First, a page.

Raising the Roof

Here is the latest example of why people in politics need to be kept away from sharp objects and environmental policy. Bill Clinton has joined the chorus of people calling for rooftops to be painted white. This would reflect sunlight and make the buildings cooler in the summer, potentially saving about $700 million in cooling costs (which sounds like a lot more than it actually is).

There’s a problem. And if you aren’t someone starry-eyed over the wisdom of our greens, you should already see it. There is a reason that roofs are painted black. And it’s not because the industry is controlled by goths. (Help an out-of-touch scientist out here — goths are still a thing, right?)

Sure, having a white roof in the summer is great because it cools when we all want some cooling. But what about the winter, when we actually want the heat from the sun? Is it really better to lose the winter heat in order to lose the summer heat?

Keith Oleson of the National Center for Atmospheric Research in Boulder and colleagues attempted to answer that very question.


Oleson’s calculations indicate the former: overall, if white roofs became ubiquitous, the extra energy needed for heating in the winter would exceed the energy savings in the summer. And, assuming that most heating and cooling comes from burning fossil fuels, that would mean an overall increase in global carbon dioxide (CO2) emissions. Clearly not an ideal recipe for addressing global warming.

Actually, roof color is climate-dependent. In warm climates, white roofs are a net positive. But in cold climates, you’re better with a black roof. I’ve heard these dimwits talking about putting white roofs in Chicago and Washington. On balance, that will be bad. The article goes on to talk about temperature-sensitive tiles, but those aren’t really a thing yet.

This is just another illustration of why command-and-control politics guided by uninformed politicians sitting around saying, “Hey, what about this!” is the wrong way to run our economy. When energy prices rise, people will figure out how to save energy. And dollars to doughnuts, they will be better at it than a bunch of politicians trying to fool the public into white-washing roofs for their Aunt Polly.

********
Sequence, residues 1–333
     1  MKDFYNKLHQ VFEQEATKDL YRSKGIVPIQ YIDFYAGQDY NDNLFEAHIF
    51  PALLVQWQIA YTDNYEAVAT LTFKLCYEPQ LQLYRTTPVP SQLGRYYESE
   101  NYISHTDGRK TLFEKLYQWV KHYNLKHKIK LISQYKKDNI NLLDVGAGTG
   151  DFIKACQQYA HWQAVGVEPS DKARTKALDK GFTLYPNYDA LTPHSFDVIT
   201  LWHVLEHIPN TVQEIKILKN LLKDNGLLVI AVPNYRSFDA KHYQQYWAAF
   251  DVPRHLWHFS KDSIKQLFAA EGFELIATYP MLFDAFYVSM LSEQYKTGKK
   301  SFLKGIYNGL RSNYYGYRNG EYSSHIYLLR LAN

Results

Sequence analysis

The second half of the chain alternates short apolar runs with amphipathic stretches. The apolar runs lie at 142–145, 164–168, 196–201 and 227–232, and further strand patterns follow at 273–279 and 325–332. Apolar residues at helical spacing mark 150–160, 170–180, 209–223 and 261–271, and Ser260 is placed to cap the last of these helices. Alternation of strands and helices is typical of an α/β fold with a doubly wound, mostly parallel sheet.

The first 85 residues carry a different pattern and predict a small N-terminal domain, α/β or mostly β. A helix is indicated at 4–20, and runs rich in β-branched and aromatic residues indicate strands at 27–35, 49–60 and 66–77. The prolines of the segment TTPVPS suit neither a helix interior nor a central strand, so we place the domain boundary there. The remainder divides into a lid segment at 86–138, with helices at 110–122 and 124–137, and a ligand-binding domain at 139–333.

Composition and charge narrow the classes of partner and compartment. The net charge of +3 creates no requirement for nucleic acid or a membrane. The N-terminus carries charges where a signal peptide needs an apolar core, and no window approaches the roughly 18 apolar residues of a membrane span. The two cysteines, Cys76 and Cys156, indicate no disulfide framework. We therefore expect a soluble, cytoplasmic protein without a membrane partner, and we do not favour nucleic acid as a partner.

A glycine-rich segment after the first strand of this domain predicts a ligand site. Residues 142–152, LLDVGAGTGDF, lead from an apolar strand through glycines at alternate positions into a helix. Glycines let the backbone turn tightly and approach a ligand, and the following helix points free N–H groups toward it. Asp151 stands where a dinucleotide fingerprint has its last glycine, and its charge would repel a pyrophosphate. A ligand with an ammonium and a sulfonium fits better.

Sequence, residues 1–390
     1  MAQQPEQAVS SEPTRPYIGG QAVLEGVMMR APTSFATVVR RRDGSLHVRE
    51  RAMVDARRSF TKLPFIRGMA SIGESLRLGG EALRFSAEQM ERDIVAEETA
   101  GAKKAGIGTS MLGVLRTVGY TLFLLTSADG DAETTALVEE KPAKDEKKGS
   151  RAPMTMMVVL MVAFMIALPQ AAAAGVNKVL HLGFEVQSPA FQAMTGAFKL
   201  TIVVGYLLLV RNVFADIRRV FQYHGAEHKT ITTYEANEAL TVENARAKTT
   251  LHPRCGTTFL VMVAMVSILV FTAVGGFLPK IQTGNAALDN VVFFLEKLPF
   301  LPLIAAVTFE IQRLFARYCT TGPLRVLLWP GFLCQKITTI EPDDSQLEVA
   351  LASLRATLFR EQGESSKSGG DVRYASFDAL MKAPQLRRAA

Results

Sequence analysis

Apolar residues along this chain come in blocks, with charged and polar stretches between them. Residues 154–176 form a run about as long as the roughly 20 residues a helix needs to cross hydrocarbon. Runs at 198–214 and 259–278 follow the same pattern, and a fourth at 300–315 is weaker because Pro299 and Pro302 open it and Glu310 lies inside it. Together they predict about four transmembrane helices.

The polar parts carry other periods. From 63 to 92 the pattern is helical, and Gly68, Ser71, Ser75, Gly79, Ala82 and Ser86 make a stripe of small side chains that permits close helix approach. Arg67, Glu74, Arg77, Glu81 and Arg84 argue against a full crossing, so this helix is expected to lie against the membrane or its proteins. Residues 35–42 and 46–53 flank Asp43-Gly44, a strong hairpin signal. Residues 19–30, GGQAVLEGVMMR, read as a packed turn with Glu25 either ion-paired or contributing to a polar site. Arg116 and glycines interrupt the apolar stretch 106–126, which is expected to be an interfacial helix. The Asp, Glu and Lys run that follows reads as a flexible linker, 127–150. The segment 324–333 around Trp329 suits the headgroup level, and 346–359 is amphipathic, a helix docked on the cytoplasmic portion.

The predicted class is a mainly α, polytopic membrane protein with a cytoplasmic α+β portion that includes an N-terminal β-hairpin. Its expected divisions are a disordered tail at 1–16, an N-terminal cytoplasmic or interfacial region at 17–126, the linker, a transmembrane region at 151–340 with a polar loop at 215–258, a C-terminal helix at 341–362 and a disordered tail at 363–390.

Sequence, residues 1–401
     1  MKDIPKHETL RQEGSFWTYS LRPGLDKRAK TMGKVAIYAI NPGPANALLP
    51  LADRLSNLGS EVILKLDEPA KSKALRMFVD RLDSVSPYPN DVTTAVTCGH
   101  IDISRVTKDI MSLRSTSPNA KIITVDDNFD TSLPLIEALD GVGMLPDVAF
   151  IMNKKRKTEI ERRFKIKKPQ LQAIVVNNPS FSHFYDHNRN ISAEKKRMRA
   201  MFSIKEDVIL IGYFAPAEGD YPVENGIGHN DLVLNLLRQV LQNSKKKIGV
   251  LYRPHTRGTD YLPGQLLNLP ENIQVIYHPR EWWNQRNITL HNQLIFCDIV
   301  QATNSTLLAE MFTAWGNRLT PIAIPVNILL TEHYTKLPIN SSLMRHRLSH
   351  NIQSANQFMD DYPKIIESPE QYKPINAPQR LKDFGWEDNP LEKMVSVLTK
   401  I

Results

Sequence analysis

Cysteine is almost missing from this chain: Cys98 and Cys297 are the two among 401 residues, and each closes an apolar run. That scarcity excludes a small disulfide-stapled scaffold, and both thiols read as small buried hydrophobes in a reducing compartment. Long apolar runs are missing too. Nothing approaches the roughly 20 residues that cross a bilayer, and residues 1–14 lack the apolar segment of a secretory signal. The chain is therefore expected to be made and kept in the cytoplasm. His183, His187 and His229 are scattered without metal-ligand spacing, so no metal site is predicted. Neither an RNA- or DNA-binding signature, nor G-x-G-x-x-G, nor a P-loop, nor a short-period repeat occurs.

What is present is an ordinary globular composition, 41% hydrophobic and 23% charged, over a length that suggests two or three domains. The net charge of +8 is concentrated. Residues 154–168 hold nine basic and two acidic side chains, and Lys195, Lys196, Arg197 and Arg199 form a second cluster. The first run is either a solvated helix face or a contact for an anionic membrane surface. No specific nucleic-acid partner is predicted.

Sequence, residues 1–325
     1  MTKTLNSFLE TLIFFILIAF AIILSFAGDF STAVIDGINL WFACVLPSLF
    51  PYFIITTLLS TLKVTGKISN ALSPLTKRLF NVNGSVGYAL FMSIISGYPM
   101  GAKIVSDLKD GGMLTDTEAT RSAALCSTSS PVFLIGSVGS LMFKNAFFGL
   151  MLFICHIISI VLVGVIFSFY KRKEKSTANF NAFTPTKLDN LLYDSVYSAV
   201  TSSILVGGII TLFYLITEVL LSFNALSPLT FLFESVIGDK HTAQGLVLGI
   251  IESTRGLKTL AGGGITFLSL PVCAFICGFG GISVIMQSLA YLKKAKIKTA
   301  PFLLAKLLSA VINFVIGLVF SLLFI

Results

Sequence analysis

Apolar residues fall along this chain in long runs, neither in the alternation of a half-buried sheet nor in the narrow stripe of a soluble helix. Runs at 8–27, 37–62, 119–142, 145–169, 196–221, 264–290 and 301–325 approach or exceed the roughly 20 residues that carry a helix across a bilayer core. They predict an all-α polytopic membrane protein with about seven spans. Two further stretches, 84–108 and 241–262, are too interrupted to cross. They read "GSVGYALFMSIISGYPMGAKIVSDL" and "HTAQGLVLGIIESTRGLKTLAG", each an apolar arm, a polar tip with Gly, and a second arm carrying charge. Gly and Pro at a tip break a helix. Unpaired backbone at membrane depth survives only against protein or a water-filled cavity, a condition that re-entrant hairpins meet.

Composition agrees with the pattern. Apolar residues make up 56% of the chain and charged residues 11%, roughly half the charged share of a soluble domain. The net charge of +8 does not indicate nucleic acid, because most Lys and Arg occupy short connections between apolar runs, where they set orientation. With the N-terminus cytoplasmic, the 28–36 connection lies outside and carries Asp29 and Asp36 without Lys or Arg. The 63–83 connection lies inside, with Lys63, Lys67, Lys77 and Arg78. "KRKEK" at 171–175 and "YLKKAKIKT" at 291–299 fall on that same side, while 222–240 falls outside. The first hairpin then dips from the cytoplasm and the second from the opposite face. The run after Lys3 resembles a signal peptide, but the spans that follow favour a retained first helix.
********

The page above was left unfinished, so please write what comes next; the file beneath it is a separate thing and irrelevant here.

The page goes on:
Comments are closed.

  1. Rann

    Just another example of the prevailing philosophy of the green movement: take big, sweeping actions because they sound good or feel good or make good copy, ignore the actual benefit to or impact on the environment.

    Or, to boil it down to three words: “flash over substance”.

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  2. InsipiD

    Or, to boil it down to three words: “flash over substance”.

    Their real favorite is sacrifice over substance.

    potentially saving about $700 million in cooling costs (which sounds like a lot more than it actually is).

    Right. About $2 per person. I’d be inclined to think that any “savings” that miniscule are within the range of statistical error.

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  3. Dave D

    As usual, noone thnks of the process and its energy cost. How much “energy” (petroleum, heat to process, etc) would it take to develop, produce, apply and maintain a ROOF coating for each home in the US? I want a piece of that business, but NOT because it is good for the environment. If something like this is enacted, a few chemical companies will make a TON!

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  4. Kimpost

    Sure sounds like some people haven’t been thinking enough. Stupid idea, most likely so even in the tropics, if I had to take a guess. What would the carbon footprint be for the paint, and for the work surrounding the job of applying the paint?

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  5. AlexInCT

    Bet you those chemical companies will be found out as huge donors to those people pushing this agenda too. Likely before they pushed the idea as well. Hmmm. Makes you wonder doesn’t it?

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    More and better insulation would be the optional solution for this,, oh and lining your roof with solar panels, if you can afford it.

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